Large volumes of freshwater are used globally for cooling towers. The reuse of discharged cooling tower water in cooling towers itself could mitigate freshwater scarcity problems. Prior to its reuse, the cooling tower blowdown has to be desalinated. However, physicochemical desalination techniques are hampered by conditioning chemicals (CC) that are added to the cooling tower water circuit to prevent corrosion, mineral scaling, and biofouling and can damage physicochemical desalination equipment. The potential of constructed wetlands (CWs) for the cost-effective removal of these CC prior to desalination is discussed in this review. The characteristics of CWs that determine their suitability for the removal of CC from cooling tower blowdown are elucidated, such as multiple removal pathways working simultaneously. In addition, specific challenges for the design of a constructed wetland for cooling tower blowdown treatment are reviewed, such as configuration options, the toxicity of CC, and the formation and removal of harmful byproducts.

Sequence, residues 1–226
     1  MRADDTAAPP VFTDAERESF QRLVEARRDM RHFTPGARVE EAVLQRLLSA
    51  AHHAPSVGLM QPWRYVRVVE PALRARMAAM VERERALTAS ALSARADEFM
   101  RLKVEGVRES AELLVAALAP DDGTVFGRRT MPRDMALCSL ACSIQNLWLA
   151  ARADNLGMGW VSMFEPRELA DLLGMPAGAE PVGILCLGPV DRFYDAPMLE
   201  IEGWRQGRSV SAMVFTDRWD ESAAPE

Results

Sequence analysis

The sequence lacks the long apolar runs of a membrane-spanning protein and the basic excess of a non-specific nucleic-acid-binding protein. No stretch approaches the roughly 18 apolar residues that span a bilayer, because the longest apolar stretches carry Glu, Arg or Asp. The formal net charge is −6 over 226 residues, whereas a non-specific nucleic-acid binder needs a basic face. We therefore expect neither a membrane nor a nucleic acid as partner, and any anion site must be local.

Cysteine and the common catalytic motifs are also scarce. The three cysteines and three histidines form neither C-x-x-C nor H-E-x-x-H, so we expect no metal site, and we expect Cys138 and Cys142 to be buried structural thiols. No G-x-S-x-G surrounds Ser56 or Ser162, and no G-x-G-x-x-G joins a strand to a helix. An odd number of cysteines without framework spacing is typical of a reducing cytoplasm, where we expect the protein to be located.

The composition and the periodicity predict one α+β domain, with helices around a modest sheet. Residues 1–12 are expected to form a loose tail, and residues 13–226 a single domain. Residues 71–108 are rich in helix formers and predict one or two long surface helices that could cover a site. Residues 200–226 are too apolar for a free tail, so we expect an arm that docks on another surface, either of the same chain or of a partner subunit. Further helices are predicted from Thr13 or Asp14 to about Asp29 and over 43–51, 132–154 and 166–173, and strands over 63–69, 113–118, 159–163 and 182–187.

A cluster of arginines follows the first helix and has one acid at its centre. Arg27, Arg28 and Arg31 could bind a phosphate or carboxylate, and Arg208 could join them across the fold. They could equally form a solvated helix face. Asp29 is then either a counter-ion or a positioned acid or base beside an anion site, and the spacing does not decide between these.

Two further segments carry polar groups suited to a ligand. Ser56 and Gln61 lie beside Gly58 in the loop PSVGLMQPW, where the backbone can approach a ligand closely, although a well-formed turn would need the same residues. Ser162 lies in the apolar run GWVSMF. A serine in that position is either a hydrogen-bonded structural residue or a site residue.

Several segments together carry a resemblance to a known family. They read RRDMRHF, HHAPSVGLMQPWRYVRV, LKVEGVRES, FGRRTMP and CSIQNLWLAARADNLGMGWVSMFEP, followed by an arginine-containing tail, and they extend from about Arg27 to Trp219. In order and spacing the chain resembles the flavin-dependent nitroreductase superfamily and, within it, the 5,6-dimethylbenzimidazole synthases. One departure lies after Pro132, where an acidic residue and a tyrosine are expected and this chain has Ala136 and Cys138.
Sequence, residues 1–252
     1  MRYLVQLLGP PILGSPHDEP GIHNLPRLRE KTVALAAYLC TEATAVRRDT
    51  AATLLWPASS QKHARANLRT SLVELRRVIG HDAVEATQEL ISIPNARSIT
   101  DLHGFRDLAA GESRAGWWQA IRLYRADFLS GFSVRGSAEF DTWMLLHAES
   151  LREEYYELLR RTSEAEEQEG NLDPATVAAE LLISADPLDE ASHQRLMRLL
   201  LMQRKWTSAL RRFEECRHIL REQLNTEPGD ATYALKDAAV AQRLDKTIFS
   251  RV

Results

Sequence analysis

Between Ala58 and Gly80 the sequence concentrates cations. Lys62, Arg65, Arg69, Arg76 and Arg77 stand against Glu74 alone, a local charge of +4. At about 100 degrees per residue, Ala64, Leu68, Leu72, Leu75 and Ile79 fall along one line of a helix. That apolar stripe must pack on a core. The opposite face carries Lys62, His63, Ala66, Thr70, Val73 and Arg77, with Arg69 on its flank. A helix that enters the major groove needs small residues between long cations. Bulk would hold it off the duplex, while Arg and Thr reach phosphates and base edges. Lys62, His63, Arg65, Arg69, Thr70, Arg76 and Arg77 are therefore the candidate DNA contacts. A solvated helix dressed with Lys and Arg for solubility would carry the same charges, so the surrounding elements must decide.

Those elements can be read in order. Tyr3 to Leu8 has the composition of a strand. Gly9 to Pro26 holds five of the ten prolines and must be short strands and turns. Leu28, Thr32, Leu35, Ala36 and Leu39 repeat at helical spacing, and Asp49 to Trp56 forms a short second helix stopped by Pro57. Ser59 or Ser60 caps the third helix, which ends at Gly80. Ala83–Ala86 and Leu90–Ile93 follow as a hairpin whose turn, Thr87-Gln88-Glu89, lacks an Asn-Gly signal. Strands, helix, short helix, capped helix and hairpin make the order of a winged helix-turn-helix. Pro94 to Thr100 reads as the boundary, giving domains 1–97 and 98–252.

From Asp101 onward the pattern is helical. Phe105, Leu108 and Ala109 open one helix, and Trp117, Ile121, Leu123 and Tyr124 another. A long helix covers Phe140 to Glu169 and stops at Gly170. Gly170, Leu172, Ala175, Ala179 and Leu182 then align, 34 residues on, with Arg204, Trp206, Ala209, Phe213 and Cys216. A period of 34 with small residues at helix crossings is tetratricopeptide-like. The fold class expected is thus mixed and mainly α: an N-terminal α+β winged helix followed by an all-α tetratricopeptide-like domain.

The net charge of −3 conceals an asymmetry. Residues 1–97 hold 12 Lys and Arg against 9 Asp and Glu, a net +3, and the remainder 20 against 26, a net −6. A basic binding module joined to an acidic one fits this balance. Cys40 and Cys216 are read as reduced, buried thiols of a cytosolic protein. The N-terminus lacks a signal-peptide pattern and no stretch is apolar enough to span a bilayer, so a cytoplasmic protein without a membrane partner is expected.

|Journal||Critical Reviews in Environmental Science and Technology|
|Publication status||Published - 2 Nov 2018|
- conditioning chemicals
- constructed wetlands
- Cooling tower blowdown